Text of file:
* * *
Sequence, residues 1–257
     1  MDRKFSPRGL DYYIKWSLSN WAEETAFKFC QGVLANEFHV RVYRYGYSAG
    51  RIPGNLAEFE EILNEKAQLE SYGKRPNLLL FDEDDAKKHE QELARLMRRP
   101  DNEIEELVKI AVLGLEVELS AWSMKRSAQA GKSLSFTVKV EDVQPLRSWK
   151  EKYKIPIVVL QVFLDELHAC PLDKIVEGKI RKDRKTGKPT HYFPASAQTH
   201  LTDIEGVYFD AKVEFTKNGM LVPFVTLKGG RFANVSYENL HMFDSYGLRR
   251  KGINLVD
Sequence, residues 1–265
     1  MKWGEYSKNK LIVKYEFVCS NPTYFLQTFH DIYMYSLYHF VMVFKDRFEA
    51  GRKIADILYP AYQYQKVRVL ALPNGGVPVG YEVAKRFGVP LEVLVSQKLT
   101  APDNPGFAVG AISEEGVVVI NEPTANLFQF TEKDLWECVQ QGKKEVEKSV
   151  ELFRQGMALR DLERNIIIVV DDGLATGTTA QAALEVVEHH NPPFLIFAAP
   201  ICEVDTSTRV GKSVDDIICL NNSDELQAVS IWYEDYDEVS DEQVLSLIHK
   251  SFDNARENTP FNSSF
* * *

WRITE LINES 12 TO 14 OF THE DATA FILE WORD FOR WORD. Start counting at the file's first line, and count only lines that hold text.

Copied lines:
   151  ELFRQGMALR DLERNIIIVV DDGLATGTTA QAALEVVEHH NPPFLIFAAP
   201  ICEVDTSTRV GKSVDDIICL NNSDELQAVS IWYEDYDEVS DEQVLSLIHK
   251  SFDNARENTP FNSSF